As long as cash still dominates the payments landscape in Africa, it remains a stumbling block to much-needed technological progress and innovation, particularly for SMEs. Things are starting to shift as Africa’s digital payments race begins and true financial participation and inclusion becomes a reality.
The continent is on the cusp of some exciting developments. The COVID-19 pandemic has accelerated a greater acceptance of online digital payments, which has prompted financial institutions to ramp up their digital offerings to support growing consumer comfort and demand for cashless services.
Across sub-Saharan Africa, the World Bank reports an unbanked population of 350 million. This large cohort has historically been unable to fully participate in the convenience of e-commerce or access digital services. These challenges also extend to small business owners who face a host of frustrating payment issues, which include security concerns, exorbitant fees for certain point-of-sales (POS) systems, not to mention the risks inherent in dealing in cash. While bank interoperability remains something to be achieved, the technical complexity of some solutions for small and micro businesses are often not scaled enough to justify the cost.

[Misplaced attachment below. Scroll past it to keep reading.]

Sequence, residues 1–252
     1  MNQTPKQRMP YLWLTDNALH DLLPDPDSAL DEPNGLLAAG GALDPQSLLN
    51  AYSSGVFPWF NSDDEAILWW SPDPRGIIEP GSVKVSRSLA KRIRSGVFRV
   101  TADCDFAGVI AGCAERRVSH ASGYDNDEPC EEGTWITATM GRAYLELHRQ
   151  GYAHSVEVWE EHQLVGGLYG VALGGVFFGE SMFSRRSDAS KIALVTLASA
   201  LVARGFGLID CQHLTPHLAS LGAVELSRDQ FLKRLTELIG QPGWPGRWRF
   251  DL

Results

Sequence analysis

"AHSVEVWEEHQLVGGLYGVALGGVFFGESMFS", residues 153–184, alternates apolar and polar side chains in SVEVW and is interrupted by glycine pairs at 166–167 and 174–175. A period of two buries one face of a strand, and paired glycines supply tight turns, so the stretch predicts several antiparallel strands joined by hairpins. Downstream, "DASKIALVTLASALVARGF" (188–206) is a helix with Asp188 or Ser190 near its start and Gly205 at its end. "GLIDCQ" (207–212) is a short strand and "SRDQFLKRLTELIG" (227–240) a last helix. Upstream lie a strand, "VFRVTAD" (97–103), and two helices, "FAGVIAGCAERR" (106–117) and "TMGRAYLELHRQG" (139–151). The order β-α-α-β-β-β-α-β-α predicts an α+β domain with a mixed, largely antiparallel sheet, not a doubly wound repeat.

As more mainstream banks embrace digital transformation to offer a greater variety of digital payment solutions, broader consumer adoption will follow, which will naturally lead to an increase in online sales and more customers attracted by enhanced convenience. Once this happens, marketplaces will grow exponentially and will expand to include the free flow of cross-border trade within the continent.
The African payments space has the distinct advantage of being able to leapfrog legacy systems with relative ease. Traditional payment methodologies are being bypassed as banks participate in solutions like rapid payments, where EFT payments are instantaneous, made by proxy and settled in mere seconds.
The inevitable uptake in digital payments, enhanced collection solutions, cross-border collaboration and new payment products will allow for much-needed economic growth in the short to medium term. Accelerating the digital transformation of financial services and solutions is vital to empowering small and micro businesses, as well as their customers, to conveniently make and receive secure payments.
Ultimately, electronic payments come with considerable macroeconomic benefits. African economies need innovative payment mechanisms that promote entrepreneurship while accelerating financial inclusion for those who need it most.
- Andrew Springate, CEO of tech and financial gateway service provider PAYM8